Rendering: Aquilini Development

A proposed redevelopment of the Willingdon Lands in Burnaby aims to transform the site into a new mixed-use urban village.

The Musqueam Indian Band, Tsleil-Waututh Nation and Aquilini Development recently unveiled plans to create a contemporary Musqueam and Tsleil-Waututh urban village, encompassing approximately 5,000 housing units in addition to a 450,000-square-foot film studio and childcare centre.

The 40-acre Willingdon Lands are located on the southwest corner of Willingdon Avenue and Canada Way, part of shared territory between the Musqueam and Tsleil-Waututh nations.

Upon completion, the new development will feature a range of housing types, including affordable, moderate-income and market rentals, as well as leasehold strata and live-work units in a variety of sizes and formats.

The proposed housing falls in line with recommendations made by the Mayor’s Task Force on Community Housing in Burnaby, which focuses on implementing sustainable and accessible communities and increasing the amount of affordable rental housing in the city.

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“Our vision for the Willingdon Lands is to create a contemporary Musqueam and Tsleil-Waututh urban village that provides a cultural experience, is interconnected with nature, and allows us to tell our stories through placemaking and design,” said Musqueam Chief Wayne Sparrow in a statement.

“This is an opportunity for us to continue our legacy as land developers and economic forces within the modern landscape. With this project, we will continue to advance reconciliation and accommodation and create a positive legacy for future generations.”

The Musqueam and Tsleil-Waututh nations teamed with Aquilini Development to purchase the Willingdon Lands property from the provincial government in 2014.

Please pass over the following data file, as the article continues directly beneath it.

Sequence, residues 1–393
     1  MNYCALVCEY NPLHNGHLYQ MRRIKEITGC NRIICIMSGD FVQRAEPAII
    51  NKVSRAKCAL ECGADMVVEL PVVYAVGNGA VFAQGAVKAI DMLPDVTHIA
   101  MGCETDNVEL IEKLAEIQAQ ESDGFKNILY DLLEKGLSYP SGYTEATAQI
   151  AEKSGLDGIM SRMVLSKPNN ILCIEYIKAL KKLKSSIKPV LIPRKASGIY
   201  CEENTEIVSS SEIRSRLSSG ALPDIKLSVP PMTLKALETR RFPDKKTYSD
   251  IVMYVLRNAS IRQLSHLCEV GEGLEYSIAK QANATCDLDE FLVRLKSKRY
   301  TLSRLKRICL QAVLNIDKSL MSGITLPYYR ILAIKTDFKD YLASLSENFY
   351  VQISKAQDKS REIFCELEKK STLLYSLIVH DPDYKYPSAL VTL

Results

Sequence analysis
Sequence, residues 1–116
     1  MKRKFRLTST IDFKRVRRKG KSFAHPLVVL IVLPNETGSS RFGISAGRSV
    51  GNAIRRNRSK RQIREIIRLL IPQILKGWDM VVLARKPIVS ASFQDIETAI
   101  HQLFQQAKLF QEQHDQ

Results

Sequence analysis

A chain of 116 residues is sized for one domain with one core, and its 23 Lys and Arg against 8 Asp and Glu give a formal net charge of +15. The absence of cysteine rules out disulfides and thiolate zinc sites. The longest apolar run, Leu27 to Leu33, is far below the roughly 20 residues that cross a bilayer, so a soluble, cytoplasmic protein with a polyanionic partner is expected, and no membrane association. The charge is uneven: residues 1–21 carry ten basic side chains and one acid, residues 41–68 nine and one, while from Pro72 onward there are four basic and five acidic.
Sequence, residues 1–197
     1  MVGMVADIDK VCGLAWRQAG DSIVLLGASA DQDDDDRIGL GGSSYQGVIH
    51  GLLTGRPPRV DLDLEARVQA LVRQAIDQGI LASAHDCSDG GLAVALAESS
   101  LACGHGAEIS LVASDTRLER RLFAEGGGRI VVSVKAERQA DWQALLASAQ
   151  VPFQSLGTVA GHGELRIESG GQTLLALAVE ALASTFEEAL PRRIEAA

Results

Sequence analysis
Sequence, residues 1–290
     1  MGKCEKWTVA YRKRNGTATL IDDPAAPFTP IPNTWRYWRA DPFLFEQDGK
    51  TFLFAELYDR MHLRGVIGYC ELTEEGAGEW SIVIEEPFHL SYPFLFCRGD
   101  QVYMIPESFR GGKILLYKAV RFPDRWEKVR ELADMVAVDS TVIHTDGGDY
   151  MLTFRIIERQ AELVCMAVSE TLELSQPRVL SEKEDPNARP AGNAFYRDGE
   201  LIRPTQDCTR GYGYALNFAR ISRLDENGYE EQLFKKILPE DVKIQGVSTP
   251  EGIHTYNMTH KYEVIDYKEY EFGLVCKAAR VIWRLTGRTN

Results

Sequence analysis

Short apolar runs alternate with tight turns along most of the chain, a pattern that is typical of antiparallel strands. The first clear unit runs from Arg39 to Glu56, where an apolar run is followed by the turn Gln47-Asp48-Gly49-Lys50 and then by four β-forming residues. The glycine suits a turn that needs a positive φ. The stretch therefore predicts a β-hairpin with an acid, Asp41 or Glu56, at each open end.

Design elements will include artwork, native plants and a medicine garden inspired by the nations’ history and culture. Plans also call for a Musqueam and Tsleil-Waututh cultural centre and an outdoor hearth that “will serve as a gathering place for both the nations and the wider community.”

Rendering: Aquilini Development

“Storytelling is an integral part of Musqueam and Tsleil-Waututh oral tradition and culture,” Tsleil-Waututh Nation Chief Jen Thomas said in a statement.

“In reimagining this site, we wanted to embed storytelling into the space in ways both big and small — from the film studio, the cultural centre and the community hearth to the use of native plants, hən̓q̓əmin̓əm̓ placenames and educational signage.”

Forming a connection to the land and water is a key component of the master plan. The project will also illuminate a section of Sumner Creek, restoring a part of the natural creek system to the neighbourhood.

“This project is the first of its kind in Burnaby,” said Ryan Seminoff, president of Aquilini Development, in a statement. “We are very grateful to have been invited by the Musqueam and Tsleil-Waututh nations to be a partner on this important project, which will celebrate Musqueam and Tsleil-Waututh culture in Burnaby and add to the growing portfolio of Indigenous-led development projects.”

The master plan will be presented to the City of Burnaby’s planning and development committee on Tuesday, Nov. 23. Following the public consultation process, a public hearing is planned to take place in the spring of 2022.

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